Cybersecurity Strategies of Gulf Cooperation Council Economies

Secretary Kerry Participates in GCC Meeting (Photo Credit: Wikimedia Commons) The countries that comprise the Cooperation Council for the Arab States of the Gulf (GCC)—Bahrain, Kuwait, Oman, Qatar, Saudi Arabia, and the United Arab Emirates (UAE)—have become attractive cyber-attack targets thanks to their oil-fueled prosperity, liquid capital, and geopolitical and cultural positions. These cyber-threats and the GCC’s responses, resources, and capabilities have significant global implications. For example, the 2012 attacks on Saudi Arabia’s state-owned oil company, Aramco, had significant influence on the Pentagon’s decision to drastically expand its own cybersecurity (CS) force in the U.S. Cyber Command.

This and numerous other high-profile attacks have intensified efforts by GCC nations to strengthen CS, with many placing it at the forefront of their security agendas. Qatar, for one, has made CS one of its three priority challenges, along with energy and water security, and has also established a Cybercrime Investigation Center and an Information Security Center. The UAE, for another, announced last year that it would double its security spending over the next ten years, with the majority going to CS. These regulations have been shaped by a variety of factors, including Sharia principles, a drive toward economic modernization, and an increasingly international geopolitical orientation.

The United States’ and other Western nations’ interest in the GCC countries’ CS initiatives also is growing as their services become increasingly important in intelligence gathering and information sharing. This is particularly true for hot-button issues in the Middle East, including Iranian arms developments. Private CS firms are also gaining interest because of the new market opportunities opening up in the wake of the aforementioned recent cyber-attacks.

Threats, Vulnerabilities, Risks, and Challenges

The GCC economies’ efforts to improve CS are significantly hindered by a lack of resources, experience, and training in their criminal justice and law enforcement systems. Saudi Arabia serves as an illustrative case in point. In order to effectively protect itself, based on the size and structure of its economy, Saudi Arabia would need to train 3,000 CS experts and provide basic skills instruction to tens of thousands more.[1] Similarly, a cybercrime seminar organized by Oman’s state-run Informational Technology Authority (ITA) recommended that several judges and the much of the Royal Oman Police would have to be trained in cybercrime cases.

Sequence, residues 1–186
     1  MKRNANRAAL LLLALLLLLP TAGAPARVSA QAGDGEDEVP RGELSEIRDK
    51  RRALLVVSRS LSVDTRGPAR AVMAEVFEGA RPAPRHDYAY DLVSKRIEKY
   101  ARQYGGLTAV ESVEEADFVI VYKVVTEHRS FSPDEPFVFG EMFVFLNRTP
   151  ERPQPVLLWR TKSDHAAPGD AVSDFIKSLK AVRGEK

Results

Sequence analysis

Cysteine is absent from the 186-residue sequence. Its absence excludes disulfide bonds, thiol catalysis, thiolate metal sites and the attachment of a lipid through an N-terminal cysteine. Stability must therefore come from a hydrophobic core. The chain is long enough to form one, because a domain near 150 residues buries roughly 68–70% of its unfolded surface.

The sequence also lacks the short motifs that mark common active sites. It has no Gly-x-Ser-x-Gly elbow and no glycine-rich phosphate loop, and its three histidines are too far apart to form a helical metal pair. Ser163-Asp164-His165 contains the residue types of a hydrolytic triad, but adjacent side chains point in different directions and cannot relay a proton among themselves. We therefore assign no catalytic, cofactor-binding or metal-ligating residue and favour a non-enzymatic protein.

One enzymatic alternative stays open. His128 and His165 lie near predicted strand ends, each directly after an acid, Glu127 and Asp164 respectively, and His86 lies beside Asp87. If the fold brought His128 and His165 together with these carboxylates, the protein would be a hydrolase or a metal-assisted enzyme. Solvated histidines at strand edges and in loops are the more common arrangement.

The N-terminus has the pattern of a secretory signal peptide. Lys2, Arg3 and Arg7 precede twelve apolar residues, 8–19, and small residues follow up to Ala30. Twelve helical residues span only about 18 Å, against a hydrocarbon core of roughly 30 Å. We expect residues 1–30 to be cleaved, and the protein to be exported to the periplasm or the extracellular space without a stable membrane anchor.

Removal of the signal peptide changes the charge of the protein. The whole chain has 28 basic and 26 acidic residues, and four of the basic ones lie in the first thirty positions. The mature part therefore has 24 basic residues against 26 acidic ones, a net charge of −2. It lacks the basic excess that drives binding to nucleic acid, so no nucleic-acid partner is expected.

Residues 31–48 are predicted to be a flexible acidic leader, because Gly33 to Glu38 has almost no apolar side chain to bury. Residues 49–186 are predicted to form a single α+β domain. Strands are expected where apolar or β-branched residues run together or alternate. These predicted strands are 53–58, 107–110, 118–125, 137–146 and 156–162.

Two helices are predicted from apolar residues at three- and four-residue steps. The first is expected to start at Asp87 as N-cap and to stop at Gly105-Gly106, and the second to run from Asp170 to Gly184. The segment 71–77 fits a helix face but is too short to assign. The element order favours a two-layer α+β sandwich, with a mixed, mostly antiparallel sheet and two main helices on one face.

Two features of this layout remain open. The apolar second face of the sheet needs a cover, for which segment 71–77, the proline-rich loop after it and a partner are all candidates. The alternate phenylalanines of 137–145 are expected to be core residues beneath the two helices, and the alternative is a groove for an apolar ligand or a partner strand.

Despite these capacity-building challenges, the GCC economies’ attempts to modernize their natural gas and petrochemical industries involve significant investment in computing platforms, making CS a key security concern. The attacks on Saudi Arabia’s Aramco, which have been attributed to a virus called Shamoon, wiped out the hard drives of 30,000 computers—85 percent of the oil giant’s devices—and shut down the company's business for two weeks at a cost of over U.S. $15 million. Several months later, the Shamoon malware attacked again in an attempt to disrupt international supply flows. Since Aramco is a state-owned company, these cyber-attacks can arguably be considered attacks against Saudi Arabia itself. This problem extends beyond Saudi Arabia: the same month Shamoon was attacked the second time, Qatar’s liquid natural gas company, RasGas, experienced cyber-attacks associated with the same virus, shutting down its website and computer servers. According to U.S. officials and Middle Eastern private sources alike have attributed the attacks on Aramco and RasGas on the Iranian government.[2] The attacks took place shortly after Saudi Arabia expressed its intention to increase oil production to counter any supply problems caused by sanctions on Iran.